A Letter to the Rider’s Conference

I read this tonight at an artist’s gathering. My thanks to Karen Kunkel and all the other performers.



My dearest,

I have chosen to write this in epistolary form to you, my best beloved, flower of my heart. Perhaps you are thinking to yourself, “She does not mean me. Not me, here, on this chair, on this couch, hiding in the shadows, light strong on my face. She means some vague and amorphous you.” No. I mean you. You with your skin mites and bacterial suites and arrogance and anxiety. All your organs burbling away. All your desires and problems rattling around in your brain. Because you are specific. We are all made after a template, yes, but you are unique. You complete the universe. Not solely, but uniquely. This isn’t one of those secondhand Goodwill universes with bits missing so you can never build the mousetrap without the whole thing falling to pieces.

If this idea is to hold, then that means that I, too, am integral to existence. And this is where I struggle. Not with the idea that I have value, I was too fortunate in parents for that, but in what my role is. What my place is. If it’s even true that I have one, or that one is necessary.

I grew up with King Arthur and His Knights of the Round Table. I grew up with many stories of different sorts of knights, be they men or women or dragonish, canny children or tired old ladies, they were bound into one form by the transforming nature of The Quest. Indeed, there were so many of these stories that I quite naturally assumed that this was the order of things and that in my due time I would receive my own quest, set off into the world with sword and self, and life would unfold pleasantly and easily in prescribed story format. I waited. For many many years, I waited for my quest to make itself known. I egged it along where I could, climbing out of my window at night all through my adolescence and walking to the wildest places I could find in urban Minneapolis to stare, frustrated, at the sky, waiting for something supernatural to snatch me. I did homemade spells with spit and hair and blood under the swings by the soccer field after dark, trying to bring my will to bear on destiny. I tailed strangers, other night people, for as many blocks as I could, testing, waiting, maybe this one, maybe this one, maybe this one will start it, will spark the story. What I got were some freaked out dog walkers, a lot of colds and a taste for being alone. Well, what I got was bitterness and deep betrayal. Life was not as I had been lead to believe. There was no cohesion, no unifying principle. There were no proper monsters, only people so cold and dull and unimaginative that they became evil for money. My heart broke, quietly, over a period of years.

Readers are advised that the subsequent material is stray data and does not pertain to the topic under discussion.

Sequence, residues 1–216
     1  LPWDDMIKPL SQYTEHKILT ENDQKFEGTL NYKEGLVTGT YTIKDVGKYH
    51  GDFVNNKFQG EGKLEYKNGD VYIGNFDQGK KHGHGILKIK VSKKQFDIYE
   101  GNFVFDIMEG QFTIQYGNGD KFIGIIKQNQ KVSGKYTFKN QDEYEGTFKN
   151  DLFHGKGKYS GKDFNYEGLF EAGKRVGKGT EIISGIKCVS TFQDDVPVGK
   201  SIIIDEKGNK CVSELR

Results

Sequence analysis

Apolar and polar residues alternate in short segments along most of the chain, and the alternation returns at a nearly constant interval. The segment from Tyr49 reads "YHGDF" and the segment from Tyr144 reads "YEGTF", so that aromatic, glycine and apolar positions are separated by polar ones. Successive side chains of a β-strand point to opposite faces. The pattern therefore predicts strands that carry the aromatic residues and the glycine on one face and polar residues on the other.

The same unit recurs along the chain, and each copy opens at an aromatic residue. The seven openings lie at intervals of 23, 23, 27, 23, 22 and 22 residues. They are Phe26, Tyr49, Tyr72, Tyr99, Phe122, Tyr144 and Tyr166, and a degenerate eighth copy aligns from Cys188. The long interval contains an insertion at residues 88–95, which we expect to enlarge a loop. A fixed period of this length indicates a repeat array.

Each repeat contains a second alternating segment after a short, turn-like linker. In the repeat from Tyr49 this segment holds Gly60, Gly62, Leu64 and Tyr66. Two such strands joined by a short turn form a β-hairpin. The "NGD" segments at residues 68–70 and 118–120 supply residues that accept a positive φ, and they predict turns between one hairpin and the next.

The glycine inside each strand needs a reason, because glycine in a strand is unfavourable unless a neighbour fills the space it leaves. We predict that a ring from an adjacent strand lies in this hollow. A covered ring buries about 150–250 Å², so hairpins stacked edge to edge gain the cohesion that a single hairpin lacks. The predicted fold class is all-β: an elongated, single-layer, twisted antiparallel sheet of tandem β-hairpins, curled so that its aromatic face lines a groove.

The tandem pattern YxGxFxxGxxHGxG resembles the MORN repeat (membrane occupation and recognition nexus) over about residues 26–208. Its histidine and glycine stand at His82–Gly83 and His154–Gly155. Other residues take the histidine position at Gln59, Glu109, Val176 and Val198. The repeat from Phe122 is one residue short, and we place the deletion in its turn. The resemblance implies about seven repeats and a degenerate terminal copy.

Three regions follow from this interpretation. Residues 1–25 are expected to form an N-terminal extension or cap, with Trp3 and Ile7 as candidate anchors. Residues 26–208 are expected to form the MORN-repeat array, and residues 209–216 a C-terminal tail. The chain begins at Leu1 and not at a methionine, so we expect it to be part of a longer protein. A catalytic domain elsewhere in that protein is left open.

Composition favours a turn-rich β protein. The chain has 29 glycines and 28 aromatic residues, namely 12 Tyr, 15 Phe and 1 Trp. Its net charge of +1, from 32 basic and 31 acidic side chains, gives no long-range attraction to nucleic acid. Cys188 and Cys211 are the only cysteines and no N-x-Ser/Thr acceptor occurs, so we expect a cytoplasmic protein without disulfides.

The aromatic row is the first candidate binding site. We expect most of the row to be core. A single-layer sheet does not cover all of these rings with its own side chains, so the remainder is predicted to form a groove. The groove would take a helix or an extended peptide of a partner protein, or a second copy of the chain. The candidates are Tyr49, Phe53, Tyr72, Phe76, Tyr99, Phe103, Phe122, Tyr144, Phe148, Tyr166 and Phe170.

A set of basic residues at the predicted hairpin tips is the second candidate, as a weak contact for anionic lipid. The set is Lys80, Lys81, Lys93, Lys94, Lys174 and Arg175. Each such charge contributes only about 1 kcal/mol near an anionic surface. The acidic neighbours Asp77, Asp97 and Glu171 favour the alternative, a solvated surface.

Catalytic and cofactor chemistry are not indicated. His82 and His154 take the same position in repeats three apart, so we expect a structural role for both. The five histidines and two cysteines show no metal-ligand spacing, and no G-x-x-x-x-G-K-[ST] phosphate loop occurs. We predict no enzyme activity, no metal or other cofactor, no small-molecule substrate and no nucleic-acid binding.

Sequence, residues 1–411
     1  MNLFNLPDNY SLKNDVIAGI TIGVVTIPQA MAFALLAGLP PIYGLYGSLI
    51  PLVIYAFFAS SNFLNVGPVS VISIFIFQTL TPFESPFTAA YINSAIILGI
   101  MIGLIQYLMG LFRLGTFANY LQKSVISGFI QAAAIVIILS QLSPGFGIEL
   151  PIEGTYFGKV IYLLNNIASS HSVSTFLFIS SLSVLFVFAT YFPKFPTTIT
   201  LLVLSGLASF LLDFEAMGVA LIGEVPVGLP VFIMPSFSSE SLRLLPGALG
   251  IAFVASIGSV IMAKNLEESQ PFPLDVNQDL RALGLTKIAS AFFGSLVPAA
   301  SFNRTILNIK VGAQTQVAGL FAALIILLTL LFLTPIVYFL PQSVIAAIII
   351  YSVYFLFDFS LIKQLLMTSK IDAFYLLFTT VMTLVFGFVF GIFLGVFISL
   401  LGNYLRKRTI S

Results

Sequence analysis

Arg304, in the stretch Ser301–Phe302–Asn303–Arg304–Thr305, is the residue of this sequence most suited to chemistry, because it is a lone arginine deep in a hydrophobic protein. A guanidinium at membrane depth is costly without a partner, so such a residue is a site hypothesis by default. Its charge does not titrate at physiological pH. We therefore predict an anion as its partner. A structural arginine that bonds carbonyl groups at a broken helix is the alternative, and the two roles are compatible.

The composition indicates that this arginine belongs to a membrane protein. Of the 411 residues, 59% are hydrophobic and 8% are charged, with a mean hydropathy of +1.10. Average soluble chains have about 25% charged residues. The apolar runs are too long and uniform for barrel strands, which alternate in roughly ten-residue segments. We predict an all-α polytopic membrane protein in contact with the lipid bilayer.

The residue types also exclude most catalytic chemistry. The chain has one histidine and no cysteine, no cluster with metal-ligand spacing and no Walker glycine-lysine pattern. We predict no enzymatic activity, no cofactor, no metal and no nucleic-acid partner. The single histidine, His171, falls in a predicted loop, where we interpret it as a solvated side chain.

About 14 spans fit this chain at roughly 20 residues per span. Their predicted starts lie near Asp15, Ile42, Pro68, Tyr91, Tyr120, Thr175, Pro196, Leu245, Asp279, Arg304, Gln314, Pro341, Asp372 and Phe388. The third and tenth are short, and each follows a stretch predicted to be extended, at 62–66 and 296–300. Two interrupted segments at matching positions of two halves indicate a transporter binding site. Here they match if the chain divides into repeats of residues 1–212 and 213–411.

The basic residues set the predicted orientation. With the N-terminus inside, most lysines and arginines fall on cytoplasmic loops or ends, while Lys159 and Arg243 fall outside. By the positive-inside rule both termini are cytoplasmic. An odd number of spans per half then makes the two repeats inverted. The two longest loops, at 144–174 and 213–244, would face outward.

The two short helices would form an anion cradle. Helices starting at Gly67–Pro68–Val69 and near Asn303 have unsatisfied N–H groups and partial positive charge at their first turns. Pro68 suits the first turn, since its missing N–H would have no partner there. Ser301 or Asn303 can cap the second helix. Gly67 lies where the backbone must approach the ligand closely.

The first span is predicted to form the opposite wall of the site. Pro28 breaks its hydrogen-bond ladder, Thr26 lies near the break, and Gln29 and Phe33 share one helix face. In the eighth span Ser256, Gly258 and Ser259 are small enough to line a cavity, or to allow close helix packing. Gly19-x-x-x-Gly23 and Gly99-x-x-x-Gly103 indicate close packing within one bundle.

Well, if life would not hand me an adventure, I would manufacture one. When I was sixteen, I went to live in France as an exchange student for a year. All my fierceness and watchfulness brought to bear on a new situation, a foreign country, surely stuffed with surprise and wonder, magic and danger. Alas. I learned, more than I had ever wanted to, about what petty power does to decent people. I learned that middle class values are surely based on fear whatever country you end up in. I learned that the heat and energy I felt in my blood and my breath back home, that I had climbed out my window all those nights to find an answer to, only wanted an outlet. That the night walks met and soothed those feelings on their own terms, without squishing them or judging them. But night walks are not permitted to decent people. I learned that quiet plain folks do not want surprise and glory disrupting their tidy lives. I broke in several more places. 

I had wanted this thing so badly, you see. I was embarrassed once, or perhaps I was so intensely private that to speak of my desire was to hurt myself, which is almost the same thing as embarrassment. I wanted beautiful strangers to come to me and say, we need you. You are the hero. You must help us. You must save us. We will bring you to our faerie country, where rules are upside down, and the wonder of it will feel like fire and you’ll win the day and we’ll have a feast and it will all work out perfectly because you’re Elizabeth and that is your destiny.

It was the demise of this dream that dropped me on the shores of adulthood, alongside a brand new panic disorder and the onset of mental illness.

When you are a teenager becoming an adult and suddenly everything feels different, dull and spiky at once, it does not occur to you that it might be mental illness. You just think this is what adulthood feels like. You think all adults feel this and that is why the world is as it is, that is why everyone is so sad and bad and wicked. You begin to understand brawlers and alcoholics and serial killers, because who would not do any mad thing they can think of to get a rest from this feeling.